Arguably the greatest book from America’s most heroically ambitious writer, The Executioner’s Song follows the short, blighted life of Gary Gilmore who became famous after he robbed two men in 1976 and killed them in cold blood. After being tried and convicted, he immediately insisted on being executed for his crime. To do so, he fought a system that seemed intent on keeping him alive long after it had sentenced him to death. And that fight for the right to die is what made him famous.
Professor Boyd also recommends Hamnet by Maggie O’Farrell.
England, 1580: The Black Death creeps across the land, an ever-present threat, infecting the healthy, the sick, the old and the young alike. The end of days is near, but life always goes on. A young Latin tutor—penniless and bullied by a violent father—falls in love with an extraordinary, eccentric young woman. Agnes is a wild creature who walks her family’s land with a falcon on her glove and is known throughout the countryside for her unusual gifts as a healer, understanding plants and potions better than she does people. Once she settles with her husband on Henley Street in Stratford-upon-Avon, she becomes a fiercely protective mother and a steadfast, centrifugal force in the life of her young husband, whose career on the London stage is just taking off when his beloved young son succumbs to sudden fever.
Professor Boyd also recommended Children of Blood and Bone by Tomi Adeyemi.
Zélie Adebola remembers when the soil of Orïsha hummed with magic. Burners ignited flames, Tiders beckoned waves, and Zélie’s Reaper mother summoned forth souls. But everything changed the night magic disappeared. Under the orders of a ruthless king, maji were killed, leaving Zélie without a mother and her people without hope.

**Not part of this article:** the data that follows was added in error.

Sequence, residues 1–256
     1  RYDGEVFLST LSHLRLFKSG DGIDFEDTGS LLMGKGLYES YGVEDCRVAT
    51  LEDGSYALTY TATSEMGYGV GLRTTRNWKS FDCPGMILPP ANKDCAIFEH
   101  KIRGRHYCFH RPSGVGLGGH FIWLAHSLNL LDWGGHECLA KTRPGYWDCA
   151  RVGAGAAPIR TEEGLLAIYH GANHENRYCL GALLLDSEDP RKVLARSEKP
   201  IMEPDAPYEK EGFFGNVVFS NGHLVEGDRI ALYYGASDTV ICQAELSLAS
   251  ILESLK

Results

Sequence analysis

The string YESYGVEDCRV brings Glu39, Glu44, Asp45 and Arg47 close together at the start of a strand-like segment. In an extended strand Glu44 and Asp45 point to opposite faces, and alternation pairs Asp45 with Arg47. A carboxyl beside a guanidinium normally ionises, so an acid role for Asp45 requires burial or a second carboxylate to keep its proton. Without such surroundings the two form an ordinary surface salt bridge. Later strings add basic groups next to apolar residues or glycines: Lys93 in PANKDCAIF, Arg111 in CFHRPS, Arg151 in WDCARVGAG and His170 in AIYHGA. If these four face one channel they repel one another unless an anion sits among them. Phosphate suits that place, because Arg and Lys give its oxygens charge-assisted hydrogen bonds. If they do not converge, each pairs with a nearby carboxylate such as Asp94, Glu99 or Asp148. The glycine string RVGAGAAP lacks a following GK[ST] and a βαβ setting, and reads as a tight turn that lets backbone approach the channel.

Now Zélie has one chance to bring back magic and strike against the monarchy. With the help of a rogue princess, Zélie must outwit and outrun the crown prince, who is hell-bent on eradicating magic for good. Danger lurks in Orïsha, where snow leoponaires prowl and vengeful spirits wait in the waters. Yet the greatest danger may be Zélie herself as she struggles to control her powers and her growing feelings for an enemy.
Director of Student Life Cody Teague recommends The Great Believers by Rebecca Makkai.
I read this book about a year ago and still think about it often. It explores themes of family (biological and chosen), friendship, and community across generations. The author bounces you between two distinct time periods in a way that keeps you turning the page to find out more. The writing brings the visceral emotions of the time period and people to life. It’s a book I’ve had on my “re-read” list since I finished it!